I graduated from undergrad at the University of Florida last year, but emotionally I didn’t. As we all know, the spring of 2020 is when things began to take a turn for the worse with the coronavirus pandemic. I remember coming back from spring break and seeing my time at UF coming to an end. With the pandemic came social distancing, masks, and other preventative measures to limit the spread of COVID-19. All big events were canceled, including my graduation ceremony.
It was really a blow for me. I really thought that people would come to their senses and do their part to limit the spread of COVID-19, and my graduation ceremony would happen as planned. I was constantly watching my email for any updates about graduation. Eventually, news came that it would be delayed to August and then rescheduled indefinitely. It was nerve-wracking, but I was determined to have my graduation.
Some people might think it’s ridiculous to go back for graduation when you’ve already moved on. But that’s the thing — I never really moved on.
Graduation had a lot of meaning to me. It represented the end of a monumental chapter of my life. It meant all the troubles I underwent in undergrad were not in vain. It validated the work my immigrant parents did for me so that I could earn a degree and have a great life. I wanted to do this for myself and my family, to bring pride and a sense of accomplishment.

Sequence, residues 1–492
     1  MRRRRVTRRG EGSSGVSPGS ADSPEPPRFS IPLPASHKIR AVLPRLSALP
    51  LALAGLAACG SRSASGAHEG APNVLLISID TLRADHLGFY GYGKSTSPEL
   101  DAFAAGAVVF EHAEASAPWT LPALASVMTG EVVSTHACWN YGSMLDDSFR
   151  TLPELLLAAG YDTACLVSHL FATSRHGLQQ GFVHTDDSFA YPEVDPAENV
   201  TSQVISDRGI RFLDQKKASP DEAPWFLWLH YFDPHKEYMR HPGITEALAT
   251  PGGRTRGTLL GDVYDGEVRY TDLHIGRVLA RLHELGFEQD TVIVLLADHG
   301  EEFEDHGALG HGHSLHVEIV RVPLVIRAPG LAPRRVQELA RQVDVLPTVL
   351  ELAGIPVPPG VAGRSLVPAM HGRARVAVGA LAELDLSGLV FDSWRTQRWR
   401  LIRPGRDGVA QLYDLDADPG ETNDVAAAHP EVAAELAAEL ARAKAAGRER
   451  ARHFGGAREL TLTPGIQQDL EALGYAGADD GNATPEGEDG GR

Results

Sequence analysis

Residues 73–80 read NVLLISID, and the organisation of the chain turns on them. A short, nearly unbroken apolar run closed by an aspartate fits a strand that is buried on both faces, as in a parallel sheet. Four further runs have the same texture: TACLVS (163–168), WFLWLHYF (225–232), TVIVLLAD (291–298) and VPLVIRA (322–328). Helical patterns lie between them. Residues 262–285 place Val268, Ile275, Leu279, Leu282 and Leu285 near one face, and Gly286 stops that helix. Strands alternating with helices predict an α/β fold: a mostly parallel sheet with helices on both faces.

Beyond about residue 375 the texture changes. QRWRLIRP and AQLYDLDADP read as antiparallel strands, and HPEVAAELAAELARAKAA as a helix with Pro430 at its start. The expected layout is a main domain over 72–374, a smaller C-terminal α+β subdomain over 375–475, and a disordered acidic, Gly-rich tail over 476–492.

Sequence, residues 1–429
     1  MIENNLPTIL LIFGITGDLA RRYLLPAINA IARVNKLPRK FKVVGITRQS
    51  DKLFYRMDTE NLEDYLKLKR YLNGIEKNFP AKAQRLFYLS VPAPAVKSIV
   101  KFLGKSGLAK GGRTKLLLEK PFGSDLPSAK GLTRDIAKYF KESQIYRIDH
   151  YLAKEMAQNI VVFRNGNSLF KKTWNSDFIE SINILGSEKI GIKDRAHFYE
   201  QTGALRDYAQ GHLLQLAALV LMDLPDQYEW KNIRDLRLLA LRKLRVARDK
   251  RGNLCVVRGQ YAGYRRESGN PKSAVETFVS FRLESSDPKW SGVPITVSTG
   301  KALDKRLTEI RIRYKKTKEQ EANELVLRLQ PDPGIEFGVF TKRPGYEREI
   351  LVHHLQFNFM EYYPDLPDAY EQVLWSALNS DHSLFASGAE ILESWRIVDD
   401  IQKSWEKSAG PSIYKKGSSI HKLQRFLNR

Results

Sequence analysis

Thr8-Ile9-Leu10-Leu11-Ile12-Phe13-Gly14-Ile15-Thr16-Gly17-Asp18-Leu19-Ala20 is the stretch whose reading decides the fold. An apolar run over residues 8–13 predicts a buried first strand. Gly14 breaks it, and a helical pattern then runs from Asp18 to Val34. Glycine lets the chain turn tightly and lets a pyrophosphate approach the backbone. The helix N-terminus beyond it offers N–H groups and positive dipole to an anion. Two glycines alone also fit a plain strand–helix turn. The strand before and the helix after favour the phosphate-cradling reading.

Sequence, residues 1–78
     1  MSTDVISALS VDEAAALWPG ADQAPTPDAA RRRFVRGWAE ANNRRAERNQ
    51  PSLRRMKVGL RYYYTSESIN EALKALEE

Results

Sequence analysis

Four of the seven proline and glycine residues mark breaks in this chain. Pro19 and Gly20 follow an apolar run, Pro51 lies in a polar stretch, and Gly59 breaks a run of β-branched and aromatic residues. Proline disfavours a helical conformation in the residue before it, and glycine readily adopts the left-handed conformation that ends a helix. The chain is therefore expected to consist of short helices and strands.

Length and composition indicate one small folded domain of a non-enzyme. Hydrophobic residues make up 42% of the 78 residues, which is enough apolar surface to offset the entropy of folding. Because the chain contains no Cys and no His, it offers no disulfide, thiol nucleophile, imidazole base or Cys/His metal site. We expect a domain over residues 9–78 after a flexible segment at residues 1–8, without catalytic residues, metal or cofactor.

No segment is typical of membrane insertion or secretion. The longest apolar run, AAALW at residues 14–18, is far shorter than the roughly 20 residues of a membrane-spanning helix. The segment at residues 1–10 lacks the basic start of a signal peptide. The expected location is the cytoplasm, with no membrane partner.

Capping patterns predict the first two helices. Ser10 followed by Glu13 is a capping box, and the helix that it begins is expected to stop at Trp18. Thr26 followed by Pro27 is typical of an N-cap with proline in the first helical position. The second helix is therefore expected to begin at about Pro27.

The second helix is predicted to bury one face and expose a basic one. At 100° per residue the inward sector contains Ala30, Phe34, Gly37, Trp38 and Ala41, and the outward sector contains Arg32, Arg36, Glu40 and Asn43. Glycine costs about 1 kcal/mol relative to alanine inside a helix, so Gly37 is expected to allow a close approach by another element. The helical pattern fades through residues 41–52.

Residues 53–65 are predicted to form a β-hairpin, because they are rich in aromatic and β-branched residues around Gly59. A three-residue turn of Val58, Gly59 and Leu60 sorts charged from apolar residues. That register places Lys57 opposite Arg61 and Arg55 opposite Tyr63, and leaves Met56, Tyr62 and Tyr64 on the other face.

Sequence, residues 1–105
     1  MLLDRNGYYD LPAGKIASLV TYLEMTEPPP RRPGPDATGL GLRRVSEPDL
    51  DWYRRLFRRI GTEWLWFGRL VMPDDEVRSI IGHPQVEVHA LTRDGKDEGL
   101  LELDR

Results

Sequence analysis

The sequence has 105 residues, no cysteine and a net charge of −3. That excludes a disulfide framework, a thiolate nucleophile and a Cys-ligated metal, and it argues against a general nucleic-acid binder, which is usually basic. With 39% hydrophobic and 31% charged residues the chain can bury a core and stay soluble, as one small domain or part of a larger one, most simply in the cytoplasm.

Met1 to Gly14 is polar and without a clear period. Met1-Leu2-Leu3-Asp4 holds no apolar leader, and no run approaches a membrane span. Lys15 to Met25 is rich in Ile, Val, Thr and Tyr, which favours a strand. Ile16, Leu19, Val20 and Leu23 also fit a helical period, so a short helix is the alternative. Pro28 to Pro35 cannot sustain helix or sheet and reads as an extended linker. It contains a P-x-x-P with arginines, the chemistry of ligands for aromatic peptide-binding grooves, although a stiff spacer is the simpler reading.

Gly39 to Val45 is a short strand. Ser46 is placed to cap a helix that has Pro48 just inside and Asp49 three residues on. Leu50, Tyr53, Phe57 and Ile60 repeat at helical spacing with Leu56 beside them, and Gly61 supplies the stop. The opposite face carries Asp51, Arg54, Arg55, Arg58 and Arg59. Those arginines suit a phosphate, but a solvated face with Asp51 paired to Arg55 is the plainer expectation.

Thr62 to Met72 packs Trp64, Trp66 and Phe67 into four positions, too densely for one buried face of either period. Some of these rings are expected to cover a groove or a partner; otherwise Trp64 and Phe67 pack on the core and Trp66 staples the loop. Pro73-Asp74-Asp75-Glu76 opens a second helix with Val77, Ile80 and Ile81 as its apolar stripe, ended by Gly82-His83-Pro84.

The thing with things ending abruptly is that it leaves that chapter feeling incomplete. I really felt cheated and like my world is crumbling around me. If you look at my author profile, I have multiple articles about my experience with graduating at the start of the pandemic. I had so much to say because I was hurt, but the fact it was canceled for a good reason makes it a little better. My undergrad experience really shaped who I am as a person, and I just wanted that one meaningful moment of walking across the stage.
It’s really awkward now because I’m a full-fledged Ph.D. student at Texas A&M University. I started a new chapter without really finishing the last page of the previous one. I acknowledge that some people choose not to walk for whatever reason they have, and that’s completely valid. For me, I love the ceremony of it all, and it’s the ending of that chapter that I want. I just want to finally walk the stage and have my own memories of it.
I’m going to walk the stage at my makeup graduation and have the moment I’ve been yearning for. It’s my ending, and this is how I want to do it. Plus, I can say I graduated later than the current year’s graduating class, which is pretty cool.